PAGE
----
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16.03.2016 | Original Article | Ausgabe 8/2016

Supportive Care in Cancer 8/2016

Controlling chemotherapy-induced nausea requires further improvement: symptom experience and risk factors among Korean patients

Supportive Care in Cancer > Ausgabe 8/2016
Sun Young Rha, Yeonhee Park, Su Kyung Song, Chung Eun Lee, Jiyeon Lee
Wichtige Hinweise

Electronic supplementary material

The online version of this article (doi:10.​1007/​s00520-016-3146-x) contains supplementary material, which is available to authorized users.



The purpose of the present study is to describe the incidence and intensity of chemotherapy-induced nausea and vomiting (CINV) and patterns of symptom change after chemotherapy among Korean cancer patients for whom antiemetic guidelines were widely utilized and guideline-consistent antiemetics were available. The study also aimed to determine the contribution of known risk factors for CINV to the incidence and intensity of CINV, as well as patterns of symptom change.


A prospective observational descriptive study was conducted. A total of 332 adult cancer patients starting their first adjuvant chemotherapy participated in this study. Items of the Multinational Association of Supportive Care in Cancer Antiemesis Tool were utilized to generate a symptom diary. Descriptive statistics, logistic regression analyses, repeated measures ANOVA, and hierarchical generalized linear models were applied to analyze the data.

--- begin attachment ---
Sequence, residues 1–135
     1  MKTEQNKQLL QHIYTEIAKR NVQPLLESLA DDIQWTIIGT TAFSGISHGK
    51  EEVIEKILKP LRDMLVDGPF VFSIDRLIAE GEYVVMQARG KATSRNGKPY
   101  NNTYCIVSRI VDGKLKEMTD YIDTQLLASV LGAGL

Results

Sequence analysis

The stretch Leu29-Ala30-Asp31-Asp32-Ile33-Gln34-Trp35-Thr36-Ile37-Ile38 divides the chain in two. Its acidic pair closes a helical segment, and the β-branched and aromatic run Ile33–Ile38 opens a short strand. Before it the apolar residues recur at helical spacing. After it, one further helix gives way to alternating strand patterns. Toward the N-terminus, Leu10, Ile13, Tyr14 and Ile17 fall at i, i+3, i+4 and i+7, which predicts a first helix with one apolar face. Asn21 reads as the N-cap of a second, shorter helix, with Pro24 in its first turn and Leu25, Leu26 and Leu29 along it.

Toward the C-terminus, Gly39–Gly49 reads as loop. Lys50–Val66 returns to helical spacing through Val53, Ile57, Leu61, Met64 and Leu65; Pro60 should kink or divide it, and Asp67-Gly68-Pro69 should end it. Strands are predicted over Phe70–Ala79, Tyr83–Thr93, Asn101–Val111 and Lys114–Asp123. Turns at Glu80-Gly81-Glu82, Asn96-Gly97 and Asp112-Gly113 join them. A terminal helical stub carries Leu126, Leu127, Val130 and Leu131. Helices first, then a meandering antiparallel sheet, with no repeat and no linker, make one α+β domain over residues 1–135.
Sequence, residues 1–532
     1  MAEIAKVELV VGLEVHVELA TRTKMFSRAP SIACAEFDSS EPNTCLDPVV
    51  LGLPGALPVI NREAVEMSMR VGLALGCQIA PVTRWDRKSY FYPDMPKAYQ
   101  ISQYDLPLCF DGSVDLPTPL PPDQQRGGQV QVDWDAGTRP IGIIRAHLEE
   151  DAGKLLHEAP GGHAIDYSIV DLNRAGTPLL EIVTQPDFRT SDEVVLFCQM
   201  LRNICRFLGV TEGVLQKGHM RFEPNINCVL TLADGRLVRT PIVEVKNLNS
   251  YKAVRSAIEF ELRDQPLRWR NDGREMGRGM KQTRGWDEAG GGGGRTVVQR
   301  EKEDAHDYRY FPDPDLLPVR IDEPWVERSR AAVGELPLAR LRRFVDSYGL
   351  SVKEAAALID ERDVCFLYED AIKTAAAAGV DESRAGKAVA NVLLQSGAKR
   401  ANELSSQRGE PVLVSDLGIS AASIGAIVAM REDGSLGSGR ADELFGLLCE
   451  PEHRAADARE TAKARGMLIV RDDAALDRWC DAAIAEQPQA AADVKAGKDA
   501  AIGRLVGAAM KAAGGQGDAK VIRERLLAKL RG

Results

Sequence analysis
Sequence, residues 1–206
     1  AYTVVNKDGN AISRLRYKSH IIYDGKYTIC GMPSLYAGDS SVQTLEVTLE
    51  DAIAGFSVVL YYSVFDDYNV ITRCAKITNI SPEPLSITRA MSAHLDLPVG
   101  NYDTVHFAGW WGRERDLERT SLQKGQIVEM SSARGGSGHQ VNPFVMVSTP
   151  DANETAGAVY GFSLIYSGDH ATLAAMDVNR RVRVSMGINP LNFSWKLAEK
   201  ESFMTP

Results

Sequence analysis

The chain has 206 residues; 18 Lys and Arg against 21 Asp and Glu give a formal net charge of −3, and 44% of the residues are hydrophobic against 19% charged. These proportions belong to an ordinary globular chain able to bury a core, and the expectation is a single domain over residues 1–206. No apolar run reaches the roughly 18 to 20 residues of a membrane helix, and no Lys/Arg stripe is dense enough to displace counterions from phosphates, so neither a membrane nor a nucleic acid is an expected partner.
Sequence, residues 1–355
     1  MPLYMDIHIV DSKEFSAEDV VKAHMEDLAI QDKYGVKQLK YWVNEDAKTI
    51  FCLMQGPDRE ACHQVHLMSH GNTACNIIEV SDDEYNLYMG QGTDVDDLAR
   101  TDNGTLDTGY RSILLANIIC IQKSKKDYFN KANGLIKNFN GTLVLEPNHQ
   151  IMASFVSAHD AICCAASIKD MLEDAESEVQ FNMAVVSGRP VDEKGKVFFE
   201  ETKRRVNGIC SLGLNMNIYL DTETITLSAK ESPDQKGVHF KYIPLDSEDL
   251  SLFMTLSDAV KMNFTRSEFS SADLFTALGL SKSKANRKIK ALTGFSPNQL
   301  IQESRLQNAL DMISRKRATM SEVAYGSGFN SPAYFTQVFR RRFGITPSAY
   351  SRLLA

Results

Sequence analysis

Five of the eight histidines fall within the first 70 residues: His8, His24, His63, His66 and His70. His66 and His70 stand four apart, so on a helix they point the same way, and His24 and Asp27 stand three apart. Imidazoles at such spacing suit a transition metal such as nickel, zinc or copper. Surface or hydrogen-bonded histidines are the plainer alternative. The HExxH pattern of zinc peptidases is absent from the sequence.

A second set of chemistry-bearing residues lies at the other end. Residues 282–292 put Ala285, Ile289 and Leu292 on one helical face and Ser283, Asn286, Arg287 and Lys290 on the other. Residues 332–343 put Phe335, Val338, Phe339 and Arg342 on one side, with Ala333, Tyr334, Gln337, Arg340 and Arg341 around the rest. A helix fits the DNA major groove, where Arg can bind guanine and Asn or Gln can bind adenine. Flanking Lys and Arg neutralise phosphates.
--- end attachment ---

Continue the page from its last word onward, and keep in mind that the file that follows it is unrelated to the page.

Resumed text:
Vomiting occurred, on average, less than once in the acute and delayed phases, and its frequency remained similar throughout 5 days after chemotherapy infusion in the first and second cycles. A quadratic pattern of nausea change was found. Nausea intensity increased to a peak on the third day after chemotherapy infusion (first-cycle incidence rate ratio (IRR) = 1.40 and second-cycle IRR = 1.27, both p < .001) and then changed gradually (first-cycle IRR = 0.69 and second-cycle and IRR = 0.76, both p < .001). Nausea experience in the previous cycle contributed to the subsequent nausea intensity (IRR = 2.78, p < .001). Younger age, consuming less alcohol, and expecting nausea were identified as risk factors for chemotherapy-induced nausea that needed to be considered from the start of the chemotherapy.


Nausea control, especially in the delayed phase, has room for improvement. As the first chemotherapy-induced nausea experience contributes to subsequent symptom experience, intense control from the start of chemotherapy is necessary while considering patient-related risk factors. Future studies should evaluate the contribution of risk factors when antiemetic prophylaxis is fully provided in multiple settings.

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